Edwards now found himself in the lead once more with Haga as his closest challenger. The Yamaha was revelling with it's recent engine modifications and Haga was exploiting them to their full potential. At times the Yamaha was a matter of inches away from the rear wheel of the Honda and many felt a major accident was only seconds away. Haga's control remained superb and not once did he and Edwards come into contact, until the last lap that is.

On the penultimate lap Haga took a wider line around the 130 mph Ostkurve and got the perfect slingshot onto the back straight a-la Yanagawa. Haga held the lead down the straight until, late under breaking Edwards snatched top spot back only to see Haga out accelerate him onto the next straight. Bayliss and Chili who were sitting just off the back of this scrap had a birds-eye view of proceedings and must have been wondering when Haga and Edwards were going to take each other out.

Into the final lap and Haga had a ten bike lead over Edwards. That gap had evaporated by the Jim Clark chicane although he managed to maintain his advantage for most of the lap. Behind him Bayliss was able to out-drag Edwards for second through the Ostkurve. Out of the Senna chicane Edwards made one final bid and used the prodigous speed of the Honda to pass Bayliss and Haga. Bayliss also had moved out to pass Haga and so as the leaders entered the stadium for the final time, it was three abreast.

Down to the Sachskurve they plunged with Edwards leading on the inside, Bayliss on the outside and Haga stuffing his Yamaha between the pair of them through the middle. As they rounded the Sachkurve Edwards found himself being squeezed out and had no option but to drift into Haga. The pair made light contact allowing Bayliss to gain momentum and try to go round the outside. However Bayliss' inexperience finally showed as Haga and Edwards gathered it together and put the power down once more, they moved high on the exit of the turn, taking Bayliss' line, the Australian moved back to the inside but found Chili's Suzuki there, forcing the Australian back to fourth.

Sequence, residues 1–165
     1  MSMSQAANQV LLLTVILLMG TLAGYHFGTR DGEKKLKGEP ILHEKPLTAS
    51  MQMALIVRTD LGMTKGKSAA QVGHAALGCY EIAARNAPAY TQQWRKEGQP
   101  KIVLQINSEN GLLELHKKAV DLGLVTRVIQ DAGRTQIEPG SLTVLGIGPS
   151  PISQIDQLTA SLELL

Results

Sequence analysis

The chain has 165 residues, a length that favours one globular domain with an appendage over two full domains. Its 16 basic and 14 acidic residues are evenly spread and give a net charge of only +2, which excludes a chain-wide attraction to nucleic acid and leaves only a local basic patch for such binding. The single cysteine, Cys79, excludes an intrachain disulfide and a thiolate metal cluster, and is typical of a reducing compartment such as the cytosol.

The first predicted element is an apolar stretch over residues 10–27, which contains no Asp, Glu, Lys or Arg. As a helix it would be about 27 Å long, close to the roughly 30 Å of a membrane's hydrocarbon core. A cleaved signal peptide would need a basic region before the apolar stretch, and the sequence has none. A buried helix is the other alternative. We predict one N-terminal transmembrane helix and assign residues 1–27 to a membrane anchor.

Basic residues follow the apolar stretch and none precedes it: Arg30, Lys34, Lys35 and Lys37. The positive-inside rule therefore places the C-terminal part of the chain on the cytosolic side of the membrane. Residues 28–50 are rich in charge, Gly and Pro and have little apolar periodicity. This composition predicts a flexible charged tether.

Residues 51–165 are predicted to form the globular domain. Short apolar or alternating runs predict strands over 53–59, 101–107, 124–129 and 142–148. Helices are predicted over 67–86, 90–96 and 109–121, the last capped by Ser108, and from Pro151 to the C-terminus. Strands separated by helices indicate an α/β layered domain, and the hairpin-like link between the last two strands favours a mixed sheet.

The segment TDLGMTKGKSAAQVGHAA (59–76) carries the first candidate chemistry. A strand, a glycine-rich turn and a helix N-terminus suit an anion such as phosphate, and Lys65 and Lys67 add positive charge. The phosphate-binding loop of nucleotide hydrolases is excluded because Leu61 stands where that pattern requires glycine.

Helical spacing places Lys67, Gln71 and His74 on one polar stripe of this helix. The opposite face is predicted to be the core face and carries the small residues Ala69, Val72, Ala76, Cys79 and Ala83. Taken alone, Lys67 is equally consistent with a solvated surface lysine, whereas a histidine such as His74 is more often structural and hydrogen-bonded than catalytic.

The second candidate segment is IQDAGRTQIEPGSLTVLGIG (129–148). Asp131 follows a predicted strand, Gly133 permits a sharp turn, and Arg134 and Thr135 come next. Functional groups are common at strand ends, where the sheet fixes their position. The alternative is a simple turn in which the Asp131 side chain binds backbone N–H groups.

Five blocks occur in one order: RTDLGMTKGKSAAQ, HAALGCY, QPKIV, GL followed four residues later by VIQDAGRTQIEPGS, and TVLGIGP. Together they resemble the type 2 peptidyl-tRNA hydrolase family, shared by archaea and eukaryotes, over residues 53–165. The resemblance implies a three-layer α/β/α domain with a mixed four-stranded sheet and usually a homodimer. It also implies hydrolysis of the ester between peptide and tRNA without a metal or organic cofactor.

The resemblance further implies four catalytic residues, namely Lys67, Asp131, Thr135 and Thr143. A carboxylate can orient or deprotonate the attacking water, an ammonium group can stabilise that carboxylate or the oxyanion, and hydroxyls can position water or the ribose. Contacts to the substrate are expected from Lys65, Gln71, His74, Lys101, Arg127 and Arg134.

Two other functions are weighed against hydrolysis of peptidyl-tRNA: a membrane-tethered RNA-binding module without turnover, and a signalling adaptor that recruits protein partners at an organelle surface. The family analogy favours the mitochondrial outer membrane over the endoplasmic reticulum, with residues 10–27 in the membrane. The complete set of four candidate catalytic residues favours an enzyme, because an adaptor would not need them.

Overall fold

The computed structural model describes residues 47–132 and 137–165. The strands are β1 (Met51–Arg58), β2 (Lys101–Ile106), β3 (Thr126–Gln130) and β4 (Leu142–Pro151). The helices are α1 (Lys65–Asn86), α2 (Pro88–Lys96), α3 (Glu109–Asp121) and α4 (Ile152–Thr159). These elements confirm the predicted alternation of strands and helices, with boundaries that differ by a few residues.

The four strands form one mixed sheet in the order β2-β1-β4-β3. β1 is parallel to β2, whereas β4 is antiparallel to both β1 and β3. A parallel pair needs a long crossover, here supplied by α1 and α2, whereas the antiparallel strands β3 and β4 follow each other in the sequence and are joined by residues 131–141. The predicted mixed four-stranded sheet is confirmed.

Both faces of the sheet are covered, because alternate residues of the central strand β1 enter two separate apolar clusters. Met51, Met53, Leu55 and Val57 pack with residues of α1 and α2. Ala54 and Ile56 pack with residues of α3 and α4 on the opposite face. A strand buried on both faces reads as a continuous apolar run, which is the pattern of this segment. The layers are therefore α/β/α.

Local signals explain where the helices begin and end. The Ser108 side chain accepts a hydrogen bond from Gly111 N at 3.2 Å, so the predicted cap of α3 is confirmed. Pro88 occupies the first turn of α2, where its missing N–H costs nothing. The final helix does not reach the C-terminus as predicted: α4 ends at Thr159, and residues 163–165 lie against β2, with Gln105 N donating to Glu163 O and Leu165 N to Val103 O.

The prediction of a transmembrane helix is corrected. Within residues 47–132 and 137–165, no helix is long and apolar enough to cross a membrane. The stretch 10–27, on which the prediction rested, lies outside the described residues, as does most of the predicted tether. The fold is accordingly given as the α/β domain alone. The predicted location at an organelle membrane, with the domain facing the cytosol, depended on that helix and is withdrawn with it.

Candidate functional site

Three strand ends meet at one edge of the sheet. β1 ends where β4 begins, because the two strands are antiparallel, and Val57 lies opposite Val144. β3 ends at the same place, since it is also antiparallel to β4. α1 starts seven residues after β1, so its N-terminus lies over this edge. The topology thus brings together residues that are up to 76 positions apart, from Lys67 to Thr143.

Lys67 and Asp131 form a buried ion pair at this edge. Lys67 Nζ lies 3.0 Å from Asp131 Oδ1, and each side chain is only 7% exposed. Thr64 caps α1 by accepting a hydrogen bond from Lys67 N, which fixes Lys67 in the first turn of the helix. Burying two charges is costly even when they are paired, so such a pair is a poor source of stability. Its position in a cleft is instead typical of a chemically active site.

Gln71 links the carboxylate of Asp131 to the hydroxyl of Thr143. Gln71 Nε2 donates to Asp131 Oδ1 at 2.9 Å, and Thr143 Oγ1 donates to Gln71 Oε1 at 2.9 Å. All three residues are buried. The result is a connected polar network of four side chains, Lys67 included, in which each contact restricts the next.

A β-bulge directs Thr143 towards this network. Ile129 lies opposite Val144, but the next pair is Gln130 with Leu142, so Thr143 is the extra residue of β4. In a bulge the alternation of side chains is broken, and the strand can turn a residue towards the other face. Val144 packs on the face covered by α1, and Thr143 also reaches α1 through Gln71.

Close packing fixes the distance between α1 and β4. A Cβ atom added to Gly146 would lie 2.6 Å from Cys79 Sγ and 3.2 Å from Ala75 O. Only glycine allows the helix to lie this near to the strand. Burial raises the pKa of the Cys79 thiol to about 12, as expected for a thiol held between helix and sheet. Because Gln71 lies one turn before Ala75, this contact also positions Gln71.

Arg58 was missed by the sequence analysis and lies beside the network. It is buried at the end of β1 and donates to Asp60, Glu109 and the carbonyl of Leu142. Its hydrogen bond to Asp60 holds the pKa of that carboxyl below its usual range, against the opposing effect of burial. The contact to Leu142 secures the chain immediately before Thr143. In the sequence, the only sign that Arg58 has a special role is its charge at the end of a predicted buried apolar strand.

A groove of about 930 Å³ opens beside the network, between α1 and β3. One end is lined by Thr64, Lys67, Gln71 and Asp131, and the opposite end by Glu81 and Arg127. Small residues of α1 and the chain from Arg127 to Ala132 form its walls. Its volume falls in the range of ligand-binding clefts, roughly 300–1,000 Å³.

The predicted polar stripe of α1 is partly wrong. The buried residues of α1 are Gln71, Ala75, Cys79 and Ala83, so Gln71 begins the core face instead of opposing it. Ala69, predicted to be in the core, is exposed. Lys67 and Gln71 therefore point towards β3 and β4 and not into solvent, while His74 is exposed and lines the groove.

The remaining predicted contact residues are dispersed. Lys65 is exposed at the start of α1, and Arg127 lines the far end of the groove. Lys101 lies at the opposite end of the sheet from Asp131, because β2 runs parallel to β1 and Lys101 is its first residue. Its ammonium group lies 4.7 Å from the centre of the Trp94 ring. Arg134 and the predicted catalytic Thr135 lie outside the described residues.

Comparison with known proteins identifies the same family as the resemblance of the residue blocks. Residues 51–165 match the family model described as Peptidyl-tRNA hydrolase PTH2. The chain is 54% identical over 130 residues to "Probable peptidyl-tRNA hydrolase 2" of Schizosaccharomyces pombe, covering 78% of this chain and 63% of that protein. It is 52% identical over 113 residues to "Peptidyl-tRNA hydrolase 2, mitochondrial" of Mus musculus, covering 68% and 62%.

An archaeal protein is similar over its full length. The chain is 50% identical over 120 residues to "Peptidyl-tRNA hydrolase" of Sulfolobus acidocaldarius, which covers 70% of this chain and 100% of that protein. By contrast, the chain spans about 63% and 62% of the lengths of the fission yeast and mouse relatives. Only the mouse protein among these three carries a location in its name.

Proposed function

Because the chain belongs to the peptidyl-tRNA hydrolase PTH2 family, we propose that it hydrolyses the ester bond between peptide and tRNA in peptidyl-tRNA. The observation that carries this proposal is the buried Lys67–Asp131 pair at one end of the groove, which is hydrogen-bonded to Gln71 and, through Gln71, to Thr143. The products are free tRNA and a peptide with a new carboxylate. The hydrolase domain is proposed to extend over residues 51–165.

Somehow Haga was able to keep his line and forced Edwards out as they rounded the final turn. His margin of victory was 0.170 seconds over Edwards and 0.406 seconds over Chili, wow.

Haga and his Yamaha team were over the moon by the win and the Japanese rider duly entertained the crowd with his usual wheelie pulling antics on the slowing down lap. Haga now has to face a month on the sidelines and hope that his rivals don't disappear too far into the distance.

Second place was better than his earlier fourth for Edwards but after dominating the build up to the event in such a convincing manner, not to come away from Hockenheim with at least a single victory will be bitterly disappointing for the Texan.

The second Castrol Honda of Slight was again victorious in the 'race within a race,' once again coming home fifth although the deficit between him and the winner had grown to six seconds. The tough New Zealander is still a little way off full fitness and the hot temperatures experienced at both Monza and Hockenheim will not have helped him. Once again however he showed that when he is fit he will be a force to be reckoned.

Sixth and seventh represents about the best result Aprilia could have hoped for under the circumstances. Corser led home Antonello by two seconds, the pair using visibly more track surface (and more) than anyone else in an effort to keep their bikes on terms with the more powerful opposition. With another strong double finish and the deduction of 45 points for Haga, Corser now moves into third place in the championship.

The Gerin Ducati's put in a stellar performance for their sponsors this weekend with Meklau and Ulm heading home the rest of the 22 finishers in eighth and ninth places respectively.

As in race one, the battle for eleventh turned into a battle for tenth and on this occasion, it was won by the second factory Suzuki of Fujiwara who scored some much needed points. Fujiwara just failed to snatch ninth from Ulm ad was followed home by Bostrom, again beating the man who replaced him I the Infostrada Ducati line up. That man, Juan Borja finished almost three seconds in arrears of the American in twelfth place, holding off Guareschi, Crafar and Markus Barth who completed the points scorers.

It was said that race two would have to be something special to match race one in terms of excitement, it was.